United States: FDA’s Mandatory Recall Draft Guidance: What, When, Why, How And Who Pays!

Last Updated: May 8 2015
Article by Michael A. Walsh

On May 7, 2015, the Food and Drug Administration (FDA) published its draft Guidance for Industry Questions and Answers Regarding Mandatory Food Recalls and opened its docket [No. FDA-2015-D-0138] seeking comments. The Food Safety Modernization Act of 2011 (FSMA) granted the FDA extensive new power to require recall for food products (including finished products and ingredients). FDA required recalls can occur when there is a "reasonable probability" that the product is adulterated or misbranded (e.g. contains unlabeled allergens or added ingredients from food contact substances) and if exposure to the food will cause serious adverse health consequences or death to humans or animals (SAHCODHA pronounced "sa-coda").

In February 2015, the FDA issued its annual report to Congress on its use of its recall authority and advised Congress that it had exercised its authority for only the second time since enactment of FSMA. FDA's second recall involved products from dietary supplement manufacturer USPlabs, LLC for its OxyElite Pro branded products after an outbreak of acute non-viral hepatitis involving at least 47 hospitalizations, 3 liver transplants, and 1 death between April 10, 2013 and October 24, 2013.

Who pays? Last things first:

In its Draft Guidance, the FDA makes clear that if the "responsible party" for a domestic or foreign facility refuses to comply with any aspect of a recall order it will be liable for both its own costs of a voluntary recall and for recall costs incurred by the FDA. "Refusal" includes:

  • Not initiating a recall as ordered by the FDA;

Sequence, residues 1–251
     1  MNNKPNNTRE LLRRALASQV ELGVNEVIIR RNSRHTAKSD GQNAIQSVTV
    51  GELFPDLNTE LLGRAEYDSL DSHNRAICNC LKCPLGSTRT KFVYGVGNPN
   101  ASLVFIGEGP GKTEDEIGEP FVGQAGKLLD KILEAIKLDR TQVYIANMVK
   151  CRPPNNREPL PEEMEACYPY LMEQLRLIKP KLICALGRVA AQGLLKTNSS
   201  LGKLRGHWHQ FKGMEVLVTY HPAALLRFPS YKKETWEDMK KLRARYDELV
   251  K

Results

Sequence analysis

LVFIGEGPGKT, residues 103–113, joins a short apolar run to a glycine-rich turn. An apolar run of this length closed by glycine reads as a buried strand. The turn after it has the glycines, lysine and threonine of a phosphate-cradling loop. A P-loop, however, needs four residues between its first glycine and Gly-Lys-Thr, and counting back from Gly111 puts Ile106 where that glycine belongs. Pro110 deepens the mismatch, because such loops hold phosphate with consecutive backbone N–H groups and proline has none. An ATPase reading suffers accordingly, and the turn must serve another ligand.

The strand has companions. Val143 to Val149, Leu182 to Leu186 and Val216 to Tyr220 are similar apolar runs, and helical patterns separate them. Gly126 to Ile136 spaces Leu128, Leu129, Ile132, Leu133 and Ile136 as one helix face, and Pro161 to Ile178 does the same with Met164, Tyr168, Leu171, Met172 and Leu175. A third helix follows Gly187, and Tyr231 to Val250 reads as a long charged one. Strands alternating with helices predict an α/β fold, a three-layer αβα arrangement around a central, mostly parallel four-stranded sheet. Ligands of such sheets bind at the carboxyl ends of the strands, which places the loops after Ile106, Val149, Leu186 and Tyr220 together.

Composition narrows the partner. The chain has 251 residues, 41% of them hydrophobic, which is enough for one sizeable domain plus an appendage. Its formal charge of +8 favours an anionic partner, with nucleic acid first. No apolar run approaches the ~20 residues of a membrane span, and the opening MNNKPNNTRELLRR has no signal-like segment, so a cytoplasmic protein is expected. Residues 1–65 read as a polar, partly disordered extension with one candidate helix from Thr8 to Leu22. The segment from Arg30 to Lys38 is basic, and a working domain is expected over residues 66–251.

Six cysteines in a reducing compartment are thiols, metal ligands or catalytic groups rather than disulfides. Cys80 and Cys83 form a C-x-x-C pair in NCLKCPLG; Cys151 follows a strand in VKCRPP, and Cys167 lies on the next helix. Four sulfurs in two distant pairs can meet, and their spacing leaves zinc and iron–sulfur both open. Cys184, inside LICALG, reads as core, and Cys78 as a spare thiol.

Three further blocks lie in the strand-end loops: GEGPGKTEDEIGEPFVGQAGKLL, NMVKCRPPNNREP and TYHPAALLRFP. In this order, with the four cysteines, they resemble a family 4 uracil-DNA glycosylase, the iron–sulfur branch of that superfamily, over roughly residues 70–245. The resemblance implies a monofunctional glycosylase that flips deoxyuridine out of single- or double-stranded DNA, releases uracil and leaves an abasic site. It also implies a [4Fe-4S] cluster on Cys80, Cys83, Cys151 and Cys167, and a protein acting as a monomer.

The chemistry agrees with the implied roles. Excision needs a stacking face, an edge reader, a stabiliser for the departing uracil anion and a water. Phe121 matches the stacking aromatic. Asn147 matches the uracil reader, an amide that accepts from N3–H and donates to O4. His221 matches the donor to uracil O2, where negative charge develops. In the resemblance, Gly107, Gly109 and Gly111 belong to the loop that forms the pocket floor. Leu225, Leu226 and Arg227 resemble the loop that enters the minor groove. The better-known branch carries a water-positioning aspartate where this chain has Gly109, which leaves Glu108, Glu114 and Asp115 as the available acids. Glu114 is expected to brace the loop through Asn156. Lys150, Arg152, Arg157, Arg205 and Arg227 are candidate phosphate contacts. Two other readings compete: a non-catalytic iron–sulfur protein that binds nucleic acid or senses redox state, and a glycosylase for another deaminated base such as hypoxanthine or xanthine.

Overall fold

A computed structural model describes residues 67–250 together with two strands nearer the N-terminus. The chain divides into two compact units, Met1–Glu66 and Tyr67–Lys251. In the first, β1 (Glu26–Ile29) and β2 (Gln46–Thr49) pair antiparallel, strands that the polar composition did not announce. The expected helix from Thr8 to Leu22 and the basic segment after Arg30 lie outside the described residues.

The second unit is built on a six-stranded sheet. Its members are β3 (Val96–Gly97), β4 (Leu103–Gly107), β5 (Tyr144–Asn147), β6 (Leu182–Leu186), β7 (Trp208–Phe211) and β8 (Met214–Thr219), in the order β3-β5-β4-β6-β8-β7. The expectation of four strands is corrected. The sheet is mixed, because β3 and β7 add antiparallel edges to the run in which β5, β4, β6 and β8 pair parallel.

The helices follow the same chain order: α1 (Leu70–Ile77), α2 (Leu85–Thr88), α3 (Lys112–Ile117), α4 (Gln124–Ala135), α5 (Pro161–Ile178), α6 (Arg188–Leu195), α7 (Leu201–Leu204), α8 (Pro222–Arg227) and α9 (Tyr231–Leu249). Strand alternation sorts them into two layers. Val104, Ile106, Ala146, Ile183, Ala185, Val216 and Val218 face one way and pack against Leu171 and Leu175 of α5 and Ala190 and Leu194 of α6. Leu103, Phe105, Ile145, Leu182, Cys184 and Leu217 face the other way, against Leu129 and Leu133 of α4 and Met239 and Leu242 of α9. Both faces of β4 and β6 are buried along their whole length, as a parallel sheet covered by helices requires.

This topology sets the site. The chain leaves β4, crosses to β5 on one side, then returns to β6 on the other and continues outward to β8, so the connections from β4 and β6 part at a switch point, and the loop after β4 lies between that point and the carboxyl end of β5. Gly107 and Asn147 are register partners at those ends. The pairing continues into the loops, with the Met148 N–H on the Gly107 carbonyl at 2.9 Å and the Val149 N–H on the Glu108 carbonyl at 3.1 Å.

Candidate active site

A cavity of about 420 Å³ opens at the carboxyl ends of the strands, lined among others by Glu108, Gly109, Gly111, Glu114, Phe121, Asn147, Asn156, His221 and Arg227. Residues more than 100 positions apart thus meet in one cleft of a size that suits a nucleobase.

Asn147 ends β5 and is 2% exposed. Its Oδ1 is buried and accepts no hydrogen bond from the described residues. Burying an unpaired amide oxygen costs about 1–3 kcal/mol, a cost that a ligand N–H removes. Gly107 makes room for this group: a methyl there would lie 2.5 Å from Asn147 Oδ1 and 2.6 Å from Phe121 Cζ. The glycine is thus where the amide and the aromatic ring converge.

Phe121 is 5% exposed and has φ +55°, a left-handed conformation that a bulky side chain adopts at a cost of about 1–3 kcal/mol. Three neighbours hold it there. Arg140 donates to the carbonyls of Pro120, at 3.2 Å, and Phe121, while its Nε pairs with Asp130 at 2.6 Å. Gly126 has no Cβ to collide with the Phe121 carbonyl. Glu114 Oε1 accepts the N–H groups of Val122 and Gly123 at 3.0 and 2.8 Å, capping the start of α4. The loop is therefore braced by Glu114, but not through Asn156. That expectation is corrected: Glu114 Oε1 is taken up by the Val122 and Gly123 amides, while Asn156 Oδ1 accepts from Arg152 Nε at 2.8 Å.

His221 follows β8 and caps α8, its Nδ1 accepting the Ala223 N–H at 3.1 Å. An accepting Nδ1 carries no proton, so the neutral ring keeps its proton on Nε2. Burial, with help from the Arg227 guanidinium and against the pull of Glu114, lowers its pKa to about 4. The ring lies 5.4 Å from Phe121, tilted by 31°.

• Not conducting the recall in the manner specified by the FDA in the recall order; or
  • Not providing the FDA requested information regarding the recall.

The FDA recoverable costs include costs arising from:

  • Time spent by the FDA conducting food recall activities;
  • Retained technical assistance;
  • Follow-up effectiveness checks; and
  • Public notifications.

What can be recalled?

All food items that are manufactured, processed, packed, or held at a food facility that is required to register (including dietary supplements but excluding infant food) are subject to the FDA's mandatory recall authority.

Who may be ordered to make a recall?

The FDA's authority extends where the "responsible party" refuses to voluntarily recall the product or follow the FDA's order concerning how to conduct the recall. A responsible party is any party required to register with the FDA. The Food Drug and Cosmetic Act (FDCA) defines a responsible party as a "person who submits a registration." The FDCA definition of "person" includes individuals, partnerships, corporations, and associations. The owner, operator, or agent in charge of a facility who is responsible for submitting the registration is also responsible for implementing and assuring the recall is performed.

What are the mandatory recall criteria?

  • There must a be a "reasonable probability that the food is adulterated or misbranded"; and
  • The FDA must determine that exposure to the food will cause serious adverse health consequences or death (SAHCODHA).